Surprise! Video is in demand.
If you’ve talked to a client about content, you’re probably aware that everybody wants great video these days.
Social media algorithms rank video higher than other content, and users are becoming accustomed to watching videos instead of reading articles when they have the option. About half of Facebook, Instagram and Snapchat users are watching videos on those platforms, and it’s the third highest activity aside from viewing photos and sharing content.
Clearly, video is a great way to reach consumers, especially when platforms are boosting visibility through their algorithms’ prioritization.
What goes into video costs?
As clients look into creating more video content, one of the biggest questions is budget. Video concepting usually goes one of two ways: the budget drives the video concept, or the video concept drives the budget. Below are several items that may go into video production costs, and depending on the concept and planned use of the video, drive up the dollar amount.
Account service, copywriters, art directors and videographers all put time into concepting, creative direction and planning for every video. It’s a large undertaking to dream up the perfect messaging, execution of that messaging, and coordinating all the moving pieces that go into video production.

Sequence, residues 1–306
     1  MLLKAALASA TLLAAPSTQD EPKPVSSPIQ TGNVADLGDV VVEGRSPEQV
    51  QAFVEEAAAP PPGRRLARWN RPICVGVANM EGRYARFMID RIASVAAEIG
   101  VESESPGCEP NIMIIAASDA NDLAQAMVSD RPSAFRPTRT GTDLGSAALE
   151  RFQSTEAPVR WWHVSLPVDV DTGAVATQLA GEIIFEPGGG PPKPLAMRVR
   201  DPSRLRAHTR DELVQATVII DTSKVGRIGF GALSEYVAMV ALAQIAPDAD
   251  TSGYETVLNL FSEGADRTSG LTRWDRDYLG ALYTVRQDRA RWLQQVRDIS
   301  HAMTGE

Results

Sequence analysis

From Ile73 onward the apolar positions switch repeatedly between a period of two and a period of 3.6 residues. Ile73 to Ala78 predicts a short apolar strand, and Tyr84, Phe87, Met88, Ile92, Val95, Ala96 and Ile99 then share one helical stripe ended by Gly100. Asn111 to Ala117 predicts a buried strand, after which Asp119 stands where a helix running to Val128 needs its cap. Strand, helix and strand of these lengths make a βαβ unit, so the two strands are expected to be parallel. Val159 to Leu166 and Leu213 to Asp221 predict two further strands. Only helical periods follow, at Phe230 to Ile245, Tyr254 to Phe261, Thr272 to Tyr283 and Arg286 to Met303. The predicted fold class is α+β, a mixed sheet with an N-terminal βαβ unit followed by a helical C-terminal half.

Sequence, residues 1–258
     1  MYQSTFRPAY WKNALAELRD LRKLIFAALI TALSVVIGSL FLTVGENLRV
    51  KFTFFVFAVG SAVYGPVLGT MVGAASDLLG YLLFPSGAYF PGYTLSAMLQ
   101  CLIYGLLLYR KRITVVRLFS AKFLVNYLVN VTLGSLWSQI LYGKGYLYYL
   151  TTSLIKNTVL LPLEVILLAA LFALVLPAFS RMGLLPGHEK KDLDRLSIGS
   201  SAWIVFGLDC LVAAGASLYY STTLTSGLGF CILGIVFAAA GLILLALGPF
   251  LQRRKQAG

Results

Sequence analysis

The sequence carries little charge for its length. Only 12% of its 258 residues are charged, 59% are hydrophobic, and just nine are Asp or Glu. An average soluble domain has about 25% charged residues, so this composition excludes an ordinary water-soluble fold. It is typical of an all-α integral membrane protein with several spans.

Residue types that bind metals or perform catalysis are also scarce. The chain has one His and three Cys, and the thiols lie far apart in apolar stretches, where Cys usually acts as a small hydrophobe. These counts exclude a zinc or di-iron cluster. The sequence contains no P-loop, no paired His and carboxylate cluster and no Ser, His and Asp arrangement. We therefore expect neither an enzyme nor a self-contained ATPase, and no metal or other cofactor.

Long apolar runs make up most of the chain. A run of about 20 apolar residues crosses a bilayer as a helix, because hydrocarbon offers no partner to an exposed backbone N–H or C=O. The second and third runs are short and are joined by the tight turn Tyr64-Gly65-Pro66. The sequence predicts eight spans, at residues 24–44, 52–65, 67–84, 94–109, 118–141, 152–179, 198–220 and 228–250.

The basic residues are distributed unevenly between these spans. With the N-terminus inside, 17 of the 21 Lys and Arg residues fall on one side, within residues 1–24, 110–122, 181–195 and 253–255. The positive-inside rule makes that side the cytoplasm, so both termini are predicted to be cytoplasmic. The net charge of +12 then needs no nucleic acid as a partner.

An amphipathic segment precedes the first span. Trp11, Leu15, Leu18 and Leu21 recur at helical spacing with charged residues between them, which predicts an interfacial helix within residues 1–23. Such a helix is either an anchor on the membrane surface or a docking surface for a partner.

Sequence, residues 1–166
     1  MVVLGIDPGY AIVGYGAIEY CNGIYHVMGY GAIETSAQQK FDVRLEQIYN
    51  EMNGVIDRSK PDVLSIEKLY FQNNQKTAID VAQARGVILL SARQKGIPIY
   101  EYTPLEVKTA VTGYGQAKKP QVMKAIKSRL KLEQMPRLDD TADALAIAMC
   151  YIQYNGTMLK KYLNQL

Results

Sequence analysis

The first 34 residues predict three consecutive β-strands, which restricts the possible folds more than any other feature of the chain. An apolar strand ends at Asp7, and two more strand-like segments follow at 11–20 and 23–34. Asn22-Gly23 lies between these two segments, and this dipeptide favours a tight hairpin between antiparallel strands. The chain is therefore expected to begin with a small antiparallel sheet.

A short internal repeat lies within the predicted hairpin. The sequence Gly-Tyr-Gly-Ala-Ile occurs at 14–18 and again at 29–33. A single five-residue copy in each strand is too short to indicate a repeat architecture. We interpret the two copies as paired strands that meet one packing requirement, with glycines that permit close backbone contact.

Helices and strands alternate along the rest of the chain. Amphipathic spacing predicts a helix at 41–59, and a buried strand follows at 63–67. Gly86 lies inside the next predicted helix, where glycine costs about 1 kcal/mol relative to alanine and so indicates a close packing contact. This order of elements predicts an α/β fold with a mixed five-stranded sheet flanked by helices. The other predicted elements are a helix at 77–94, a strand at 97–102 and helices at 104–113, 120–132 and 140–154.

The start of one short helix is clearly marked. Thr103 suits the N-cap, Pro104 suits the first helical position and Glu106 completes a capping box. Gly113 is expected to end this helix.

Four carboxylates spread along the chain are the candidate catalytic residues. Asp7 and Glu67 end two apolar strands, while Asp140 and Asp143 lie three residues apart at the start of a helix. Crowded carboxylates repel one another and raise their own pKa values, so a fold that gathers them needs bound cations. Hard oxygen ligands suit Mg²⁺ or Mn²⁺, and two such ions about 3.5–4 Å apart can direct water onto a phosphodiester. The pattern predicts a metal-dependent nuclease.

Oftentimes, the crew is a third party contractor that is a hard cost against the video budget. Hiring a producer, sound engineer, lighting and makeup/wardrobe will undoubtedly increase the quality of your videos, but ultimately drive up cost.
Talent is one of the big ticket items in a video budget. Depending on where the video will be used (digital, broadcast, etc.) and for how long, the usage rights for each actor become more and more expensive. It helps to have someone negotiating with talent agencies to bring those costs down a bit, but the more actors you have in the video, the more it costs. It’s best to know the details of how the video will be used up front when negotiating with talent agencies because trying to expand usage rights after the fact gives agents the upper-hand.
Many videos have a voice over, which calls for voice talent, as well as renting a sound studio in which to record the voice over.
Budget first or concept first?
When the budget is set before video concepting begins, it can limit the overall concept of the video: limited number of actors, fewer days to shoot, smaller crew, need for a voiceover, etc. This can ultimately affect the quality of the finished product, from storytelling to lighting to wardrobe/makeup, etc.
Pairing the right budget with the best message execution is key to creating a great video that resonates with your consumers. You can achieve that balance by planning how the video will be used (digital, broadcast, etc.) and for how long. You can also utilize your ad agency to help you get the best quality bang for your buck by using their internal resources and leveraging their talent agency relationships to negotiate lower rates.